What to consider when investing in a solar water heating system.
The good news for homeowners in South Africa is that while electricity rates continue to soar, the price of solar panels has hardly gone up in several years, making it easier for even the most cash-strapped family to have some form of solar water heating system. And there are financing options to where you can pay over 1 – 5 years.
While many are ready to make the change, to save a fortune on electricity and to commit to the fight against the damage done to our natural resources, most of us really don’t know where to start when considering the purchase of a solar water heating system.
So what do you have to consider when you do decide to fight high electricity tariffs and do your bit for our depleted natural resources? For those of us who aren’t technically minded, finding the right solar water heating system is very daunting.
Here’s what you need to focus on:
How solar water heating works:
Before you do get confused at the outset of your journey to the right solar geyser, you need to know that solar water heating is a different type of technology to that of solar powered electricity generation.
The one type of solar technology is designed only to heat water, while the other generates electricity that can be used in the home.
The solar water heater is made up of a solar collector, with either flat plate or evacuated tubes, a geyser and sometimes a pump is the geyser is not on the roof.
The size of a solar water heating geyser is generally a bit bigger than the standard conventional geyser. This is because it needs to be able to store all the water you need for each day.
There are several recommended options:
- replace your electric geyser completely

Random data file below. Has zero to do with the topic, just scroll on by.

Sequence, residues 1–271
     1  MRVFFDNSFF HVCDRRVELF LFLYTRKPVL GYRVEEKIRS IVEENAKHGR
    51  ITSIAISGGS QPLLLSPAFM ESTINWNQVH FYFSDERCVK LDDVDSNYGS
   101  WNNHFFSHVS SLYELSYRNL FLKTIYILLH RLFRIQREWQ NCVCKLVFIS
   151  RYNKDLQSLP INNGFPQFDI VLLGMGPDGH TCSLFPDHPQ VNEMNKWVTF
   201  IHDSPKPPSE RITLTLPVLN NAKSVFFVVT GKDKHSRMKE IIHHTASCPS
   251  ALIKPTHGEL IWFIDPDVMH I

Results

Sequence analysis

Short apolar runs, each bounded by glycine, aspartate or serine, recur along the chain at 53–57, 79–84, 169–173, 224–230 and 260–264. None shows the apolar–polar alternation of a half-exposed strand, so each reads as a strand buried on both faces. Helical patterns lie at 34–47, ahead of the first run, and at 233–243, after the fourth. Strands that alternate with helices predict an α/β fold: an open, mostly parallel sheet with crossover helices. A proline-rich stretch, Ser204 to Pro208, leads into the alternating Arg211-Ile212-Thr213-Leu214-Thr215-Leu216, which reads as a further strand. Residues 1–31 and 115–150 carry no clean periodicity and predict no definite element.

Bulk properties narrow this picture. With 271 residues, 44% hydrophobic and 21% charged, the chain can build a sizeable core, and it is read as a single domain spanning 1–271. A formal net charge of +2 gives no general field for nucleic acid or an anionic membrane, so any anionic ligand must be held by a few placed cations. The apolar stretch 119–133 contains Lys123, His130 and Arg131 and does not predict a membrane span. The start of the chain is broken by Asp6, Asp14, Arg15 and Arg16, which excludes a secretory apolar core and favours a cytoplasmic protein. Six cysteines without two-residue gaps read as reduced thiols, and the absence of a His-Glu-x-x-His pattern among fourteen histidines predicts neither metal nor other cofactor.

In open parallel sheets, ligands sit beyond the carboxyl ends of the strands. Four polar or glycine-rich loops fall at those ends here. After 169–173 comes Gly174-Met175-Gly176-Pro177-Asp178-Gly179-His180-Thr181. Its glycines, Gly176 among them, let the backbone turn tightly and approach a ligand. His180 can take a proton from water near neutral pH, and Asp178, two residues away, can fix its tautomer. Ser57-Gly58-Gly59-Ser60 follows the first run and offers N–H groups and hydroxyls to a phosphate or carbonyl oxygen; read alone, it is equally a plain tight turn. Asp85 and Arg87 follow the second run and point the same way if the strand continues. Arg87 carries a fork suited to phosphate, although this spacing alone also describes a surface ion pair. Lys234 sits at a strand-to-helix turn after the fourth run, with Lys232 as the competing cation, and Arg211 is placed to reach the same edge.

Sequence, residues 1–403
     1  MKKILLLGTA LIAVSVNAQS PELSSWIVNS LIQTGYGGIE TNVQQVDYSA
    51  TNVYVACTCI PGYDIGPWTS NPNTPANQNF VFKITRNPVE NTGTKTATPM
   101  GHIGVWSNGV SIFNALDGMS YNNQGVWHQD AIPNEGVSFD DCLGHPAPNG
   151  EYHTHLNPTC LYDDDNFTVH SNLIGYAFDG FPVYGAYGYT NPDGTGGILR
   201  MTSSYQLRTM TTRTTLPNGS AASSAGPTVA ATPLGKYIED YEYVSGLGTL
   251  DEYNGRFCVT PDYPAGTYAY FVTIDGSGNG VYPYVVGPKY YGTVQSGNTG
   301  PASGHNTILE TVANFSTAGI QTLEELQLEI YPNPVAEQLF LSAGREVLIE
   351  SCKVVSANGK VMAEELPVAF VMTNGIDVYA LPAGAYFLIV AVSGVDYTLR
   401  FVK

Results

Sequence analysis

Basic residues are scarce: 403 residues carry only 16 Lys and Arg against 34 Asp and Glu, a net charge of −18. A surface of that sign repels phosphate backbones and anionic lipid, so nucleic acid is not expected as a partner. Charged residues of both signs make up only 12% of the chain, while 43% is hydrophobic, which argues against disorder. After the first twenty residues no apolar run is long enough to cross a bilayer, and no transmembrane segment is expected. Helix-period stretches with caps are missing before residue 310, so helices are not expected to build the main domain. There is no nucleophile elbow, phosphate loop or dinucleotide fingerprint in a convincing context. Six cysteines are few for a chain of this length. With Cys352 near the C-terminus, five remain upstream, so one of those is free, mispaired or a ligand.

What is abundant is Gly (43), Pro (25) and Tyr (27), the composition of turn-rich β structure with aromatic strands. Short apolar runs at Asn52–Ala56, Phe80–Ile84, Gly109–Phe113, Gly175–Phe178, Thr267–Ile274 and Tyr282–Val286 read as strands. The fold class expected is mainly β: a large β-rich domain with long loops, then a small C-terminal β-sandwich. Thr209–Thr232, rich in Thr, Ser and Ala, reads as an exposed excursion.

- use your existing electric geyser and convert it to solar (a retrofit)
Two types of solar water heating systems:
Direct systems: These are not a great idea if you live in an area that faces exceptionally cold temperatures. They contain a heat transfer system that will circulate water straight to the geyser from the solar collector. These systems are ideal for Cape Town as temperatures never go below freezing.
Indirect systems: These solar water heating systems contain a heat transfer medium that does a loop through pipes in the system to heat water and then return it to the solar collector to be re-heated. A must have system in Gauteng and anywhere where temperatures go below freezing.
2 Types of solar collectors:
There are two major types of solar collectors, which are the solar water heating panels that draw the heat from the sun to provide the heat used in the system.
Flat panel collectors: Flat panel collectors can be mounted on any north-facing roof that gets sun all day.
Evacuated tubes: These tubes create a sealed vacuum in the parallel pipes that make up the collector, which means you’ll have water that stays hot once it’s been heated. Ideal for east or west-facing roofs that only get half a day’s sun
Doing a little research into which of these two systems would suit you is a good idea, as both of them work well if they’re used in the right type of solar water heating system.
If you’re looking for the best advice and guidance on solar hot water systems in Cape Town, the team standing by at Renaissance Solar will be more than happy to introduce you to the right system to give you an exceptional return on investment!